September 2022

A Focus on Thumb Technique

by Marea Chernoff

This is the first of two articles that will address good thumb technique, including exercises for practicing. The second, future article will feature in greater depth, the role of the thumb in high note production and more advanced information on considerations of thumb technique.

When approaching any technique on an instrument, it is important to consider two points. The first is paying attention to our body and finding relaxation while executing the necessary physical movements. The second is efficiency of movement, giving us the most reward for the least effort, allowing us to play faster and cleaner. If we can achieve these goals, the music will shine through with more ease and enjoyment.

Good Thumb Technique 

In my teaching I see many students who have developed habits for using their left thumb on the recorder that get in the way of proficient technique, which is characterized by clean intervals, speed and especially, clear reliable high notes. The word ‘pinching’ is seen in many books and articles to describe the action of the left thumb on the recorder. I prefer to avoid this term as it suggests an aggressive, tense motion which can lead to the development of bad habits from the beginning. The simple term ‘thumb technique’ or ‘half-holing’ describes how we move and utilize the thumb without the suggestion of force. The term ‘half-hole’, while not entirely accurate, is a word that defines the opening needed to achieve the upper octaves. The action of the thumb needs to be light and agile, freely allowing movement in all joints of the thumb. Take care when moving the thumb to avoid creating motion in the hand or wrist. Keeping the thumb nail relatively short is an asset to the correct positions and ability to move quickly.

The thumb has three main positions: Covering the hole, partially covering the hole and completely uncovering the hole.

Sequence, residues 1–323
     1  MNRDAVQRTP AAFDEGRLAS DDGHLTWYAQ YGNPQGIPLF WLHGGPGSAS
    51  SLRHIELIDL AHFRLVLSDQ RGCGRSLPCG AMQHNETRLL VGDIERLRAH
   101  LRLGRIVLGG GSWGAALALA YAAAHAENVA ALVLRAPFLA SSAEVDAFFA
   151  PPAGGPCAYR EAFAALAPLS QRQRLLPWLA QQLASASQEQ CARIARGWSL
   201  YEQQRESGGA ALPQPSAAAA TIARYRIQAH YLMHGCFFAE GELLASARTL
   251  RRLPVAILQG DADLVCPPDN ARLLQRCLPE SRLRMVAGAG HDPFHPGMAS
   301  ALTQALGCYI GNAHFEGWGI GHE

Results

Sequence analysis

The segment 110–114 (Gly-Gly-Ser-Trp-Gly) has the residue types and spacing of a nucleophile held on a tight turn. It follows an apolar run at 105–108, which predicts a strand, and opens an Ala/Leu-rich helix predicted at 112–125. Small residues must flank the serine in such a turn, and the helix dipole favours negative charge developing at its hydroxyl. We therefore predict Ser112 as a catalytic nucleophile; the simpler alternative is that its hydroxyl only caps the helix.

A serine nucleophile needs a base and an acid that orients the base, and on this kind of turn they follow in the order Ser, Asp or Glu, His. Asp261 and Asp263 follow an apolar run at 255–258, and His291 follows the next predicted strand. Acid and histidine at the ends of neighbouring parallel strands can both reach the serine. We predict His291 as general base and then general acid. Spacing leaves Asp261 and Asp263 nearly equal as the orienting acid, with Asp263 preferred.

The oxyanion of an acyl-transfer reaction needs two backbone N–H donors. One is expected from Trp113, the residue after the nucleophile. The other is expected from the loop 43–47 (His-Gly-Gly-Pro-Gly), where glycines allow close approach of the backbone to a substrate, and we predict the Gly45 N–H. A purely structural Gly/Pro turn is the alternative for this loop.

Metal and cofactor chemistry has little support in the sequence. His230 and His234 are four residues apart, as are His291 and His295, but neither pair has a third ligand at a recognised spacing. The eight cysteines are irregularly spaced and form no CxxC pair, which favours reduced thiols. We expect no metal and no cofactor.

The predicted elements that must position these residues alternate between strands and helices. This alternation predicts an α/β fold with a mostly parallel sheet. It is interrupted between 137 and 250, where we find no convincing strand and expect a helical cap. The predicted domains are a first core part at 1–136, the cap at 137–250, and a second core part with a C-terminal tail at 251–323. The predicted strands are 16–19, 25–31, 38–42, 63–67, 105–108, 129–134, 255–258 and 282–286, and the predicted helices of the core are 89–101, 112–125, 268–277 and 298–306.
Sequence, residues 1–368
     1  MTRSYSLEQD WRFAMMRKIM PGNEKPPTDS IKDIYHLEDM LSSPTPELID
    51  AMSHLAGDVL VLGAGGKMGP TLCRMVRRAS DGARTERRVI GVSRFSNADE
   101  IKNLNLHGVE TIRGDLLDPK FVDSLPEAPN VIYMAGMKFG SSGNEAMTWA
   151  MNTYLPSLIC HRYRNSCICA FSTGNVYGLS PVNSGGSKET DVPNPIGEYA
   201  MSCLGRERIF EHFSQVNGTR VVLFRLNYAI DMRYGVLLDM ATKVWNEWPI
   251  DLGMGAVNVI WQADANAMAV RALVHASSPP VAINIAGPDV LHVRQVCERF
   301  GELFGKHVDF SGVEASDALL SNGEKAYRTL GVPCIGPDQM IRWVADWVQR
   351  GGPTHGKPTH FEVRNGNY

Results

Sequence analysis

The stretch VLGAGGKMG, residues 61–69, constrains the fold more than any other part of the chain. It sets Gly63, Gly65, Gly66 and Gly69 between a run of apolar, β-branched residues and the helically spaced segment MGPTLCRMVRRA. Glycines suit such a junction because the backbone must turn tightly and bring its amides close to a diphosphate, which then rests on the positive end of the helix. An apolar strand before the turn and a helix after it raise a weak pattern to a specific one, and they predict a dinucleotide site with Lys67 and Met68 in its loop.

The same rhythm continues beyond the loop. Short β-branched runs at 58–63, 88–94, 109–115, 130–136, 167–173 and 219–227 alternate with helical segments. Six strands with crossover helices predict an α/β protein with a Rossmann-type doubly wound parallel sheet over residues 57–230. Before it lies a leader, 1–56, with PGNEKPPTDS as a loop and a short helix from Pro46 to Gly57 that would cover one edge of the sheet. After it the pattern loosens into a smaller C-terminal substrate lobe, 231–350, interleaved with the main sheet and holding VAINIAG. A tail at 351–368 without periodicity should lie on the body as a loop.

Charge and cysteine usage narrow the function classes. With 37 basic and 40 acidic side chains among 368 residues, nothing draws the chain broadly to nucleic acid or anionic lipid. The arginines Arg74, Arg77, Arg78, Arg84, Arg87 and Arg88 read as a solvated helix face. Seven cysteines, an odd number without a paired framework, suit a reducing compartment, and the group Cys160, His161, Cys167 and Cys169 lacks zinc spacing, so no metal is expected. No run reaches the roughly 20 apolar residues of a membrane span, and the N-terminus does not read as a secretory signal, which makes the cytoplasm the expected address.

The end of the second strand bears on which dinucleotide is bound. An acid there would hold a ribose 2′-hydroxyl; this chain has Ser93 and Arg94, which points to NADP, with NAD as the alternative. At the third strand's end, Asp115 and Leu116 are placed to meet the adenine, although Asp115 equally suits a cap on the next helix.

1. Covering the hole

Unlike the other fingers which use the fleshy pad to cover the holes, the thumb needs more of an angle. To facilitate flexible, relaxed and quick thumb movements, the fleshy part to the left side of the thumb nail is ideal to cover the hole. This puts the thumb at about a 45-degree angle to the recorder. To find the correct location, create a natural oval shape with your thumb and index finger. Where the index finger connects with the thumb is the part of the thumb that will cover the hole. (See pictures.)

2. Partially covering the hole

This position is a slight modification of the covered angle, involving a tipping of the thumb joints. The movement from closed to open position (half-hole) involves only motion in the thumb, focusing on the top joint, and not the hand or wrist. The thumb nail rests gently against the recorder, allowing the air to flow across the nail through the opening in the thumb hole. Resist the urge to squeeze the recorder (no tension in the thumb) or push the very tip of the thumb into the hole.

3. Completely uncovering the hole

When playing notes with the left thumb raised off the back of the recorder, keep the movement minimal and remain close to the instrument. If the thumb is farther away from the hole than necessary, it is more difficult to return the thumb with sufficient speed and accuracy for the next covered or ‘half-holed’ note. The ultimate position for the thumb in this case is to keep the same angle as when covering or half-holing, raising the thumb off the recorder no more than half an inch. It is important to keep a relaxed but slight bend in the thumb, using the lower joint of the thumb to lift it.

How to Practice Basic Thumb Technique